These are my pretentious ramblings about the experience. Please keep in mind that 1) I do not write well and b) I don't get out much. Incidentally the Fritz Whiffometer (based on my position nine rows from the front and to the right of center stage) registered thusly:

1. Morrison/concession food trays
2. Mitchell/reefer & cigs
3. Dylan/stogies & reefer

Mitchell once said of pot that it was sort of beneficial, in that it (I'm paraphrasing from memory) sat her on her ass and showed her who her God was. She added however that "if you let drugs become your God, that's bad." Yup.

Sandwiched between the pleasingly porcine Morrison and the ever more cadaverous Dylan, our Joni was a radiant angel. She appeared to drop one entire (or did she just forget again?) verse of the astonishingly under-applauded "Black Crow" --the verse referring to her looking (several boom-boom-pachyderms ago) at her own "haggard face in the bathroom light."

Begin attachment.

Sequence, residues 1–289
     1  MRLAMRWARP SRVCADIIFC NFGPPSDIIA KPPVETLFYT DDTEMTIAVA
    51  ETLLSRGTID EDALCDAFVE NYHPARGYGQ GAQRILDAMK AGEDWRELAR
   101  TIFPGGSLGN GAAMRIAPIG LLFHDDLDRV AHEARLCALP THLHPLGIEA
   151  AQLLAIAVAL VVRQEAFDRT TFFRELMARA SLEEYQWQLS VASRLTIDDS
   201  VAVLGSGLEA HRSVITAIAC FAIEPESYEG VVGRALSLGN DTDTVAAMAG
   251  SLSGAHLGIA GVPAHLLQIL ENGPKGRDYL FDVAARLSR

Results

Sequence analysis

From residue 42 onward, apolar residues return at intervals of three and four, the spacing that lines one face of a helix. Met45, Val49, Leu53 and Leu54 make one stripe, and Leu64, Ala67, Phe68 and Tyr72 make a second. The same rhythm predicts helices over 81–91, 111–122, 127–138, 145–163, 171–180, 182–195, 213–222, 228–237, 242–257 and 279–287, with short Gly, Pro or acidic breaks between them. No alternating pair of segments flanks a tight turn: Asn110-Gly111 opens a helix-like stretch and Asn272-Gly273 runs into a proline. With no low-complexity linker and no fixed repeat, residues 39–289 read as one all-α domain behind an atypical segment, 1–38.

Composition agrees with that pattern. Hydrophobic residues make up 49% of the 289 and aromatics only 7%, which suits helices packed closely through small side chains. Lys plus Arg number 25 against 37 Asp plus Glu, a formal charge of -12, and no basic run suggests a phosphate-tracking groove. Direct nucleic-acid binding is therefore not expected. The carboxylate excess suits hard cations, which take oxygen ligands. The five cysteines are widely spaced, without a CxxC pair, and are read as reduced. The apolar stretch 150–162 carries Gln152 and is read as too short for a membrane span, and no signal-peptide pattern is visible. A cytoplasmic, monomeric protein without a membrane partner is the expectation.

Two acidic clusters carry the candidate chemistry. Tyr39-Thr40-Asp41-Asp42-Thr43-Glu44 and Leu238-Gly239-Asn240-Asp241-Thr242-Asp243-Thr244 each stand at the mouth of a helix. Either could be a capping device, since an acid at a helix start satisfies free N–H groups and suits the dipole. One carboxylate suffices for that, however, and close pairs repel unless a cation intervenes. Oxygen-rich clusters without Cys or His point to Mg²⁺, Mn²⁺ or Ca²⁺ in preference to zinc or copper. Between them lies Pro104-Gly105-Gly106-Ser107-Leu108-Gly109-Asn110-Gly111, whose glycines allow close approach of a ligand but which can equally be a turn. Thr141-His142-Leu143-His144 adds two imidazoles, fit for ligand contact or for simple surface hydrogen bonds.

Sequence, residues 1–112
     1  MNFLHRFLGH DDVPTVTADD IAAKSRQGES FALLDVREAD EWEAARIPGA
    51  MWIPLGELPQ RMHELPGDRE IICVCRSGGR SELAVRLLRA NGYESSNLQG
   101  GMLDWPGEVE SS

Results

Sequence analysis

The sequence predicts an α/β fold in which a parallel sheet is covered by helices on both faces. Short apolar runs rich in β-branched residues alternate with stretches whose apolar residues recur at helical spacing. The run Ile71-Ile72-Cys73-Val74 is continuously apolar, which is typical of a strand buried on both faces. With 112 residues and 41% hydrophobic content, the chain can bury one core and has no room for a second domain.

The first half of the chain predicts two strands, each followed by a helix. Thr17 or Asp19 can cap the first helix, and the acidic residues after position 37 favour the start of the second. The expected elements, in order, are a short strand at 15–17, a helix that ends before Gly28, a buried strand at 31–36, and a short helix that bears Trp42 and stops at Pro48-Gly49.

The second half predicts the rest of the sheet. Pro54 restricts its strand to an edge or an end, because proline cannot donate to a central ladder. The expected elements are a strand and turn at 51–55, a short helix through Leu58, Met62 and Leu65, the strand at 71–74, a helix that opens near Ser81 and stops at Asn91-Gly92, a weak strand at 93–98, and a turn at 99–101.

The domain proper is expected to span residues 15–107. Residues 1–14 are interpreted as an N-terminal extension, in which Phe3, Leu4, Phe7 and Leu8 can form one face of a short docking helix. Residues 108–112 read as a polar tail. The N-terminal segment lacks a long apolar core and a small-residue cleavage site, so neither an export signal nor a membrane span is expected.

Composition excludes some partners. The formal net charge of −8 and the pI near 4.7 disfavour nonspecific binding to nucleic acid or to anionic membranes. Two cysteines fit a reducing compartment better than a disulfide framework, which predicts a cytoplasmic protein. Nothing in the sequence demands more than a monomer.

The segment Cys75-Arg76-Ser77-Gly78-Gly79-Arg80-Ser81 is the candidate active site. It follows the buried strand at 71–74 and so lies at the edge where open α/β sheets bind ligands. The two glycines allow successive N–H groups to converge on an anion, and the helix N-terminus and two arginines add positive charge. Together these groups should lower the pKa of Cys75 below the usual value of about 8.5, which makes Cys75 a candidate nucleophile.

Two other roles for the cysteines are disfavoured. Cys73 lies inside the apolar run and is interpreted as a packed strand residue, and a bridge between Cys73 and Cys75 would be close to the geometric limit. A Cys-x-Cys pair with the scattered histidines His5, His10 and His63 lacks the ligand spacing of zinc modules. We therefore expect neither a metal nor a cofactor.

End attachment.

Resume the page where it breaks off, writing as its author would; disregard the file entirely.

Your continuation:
Curious given the artist's tendency to overemphasize her age-lines in oils, while otherwise denying her vanity in words. I recall Mitchell once saying of her fans "They want, they want, they want!" and it's true--no matter what she gives us, it's never enough! She did give us wonderful electric solos of "Woodstock" and "Big Yellow Taxi" (the former an encore.) Anyway at one point fans were shouting out "Come back soon!" and Joni kept repeating what was said with comedic misstatements. Then she heard one fan shout (in response to her lengthy intro. into "The Magdalene Laundries") "Joni, you're an anglophile!" She vigorously denied this, asking "Qu'est-ce que c'est qu'une anglophile? I'm a mutt, darlin'!" Then she started the song, interrupting herself again to add that there wasn't a drop of her blood that was pro-English though she conceded that England is "a pretty little country" and that she "love[s] the language." I, being situated nearer the shouting dude, could have sworn he shouted, "Joni, you're being amplified!" But such are the sweets of celebrity: you're allowed to smoke where it's otherwise verboten and to be occasionally, interestingly cantankerous. She mainly continues to rap (by which I mean the 60s lingo for "talk to an audience between songs") with the land borne grace of an albatross. Last time I saw her live (in 1983, I believe, at Wembley Arena in London although from my rafter seat the pinprick alleged to be she might have been anyone)--at that time one exasperated fan screeched out "Sing!!!" toward the end of a rather prolonged prattle about "vinegar" apropos an analysis of her feelings toward the title figure of "Carey." The 1998 Gorge imprecation seemed to be "Give her a piano!"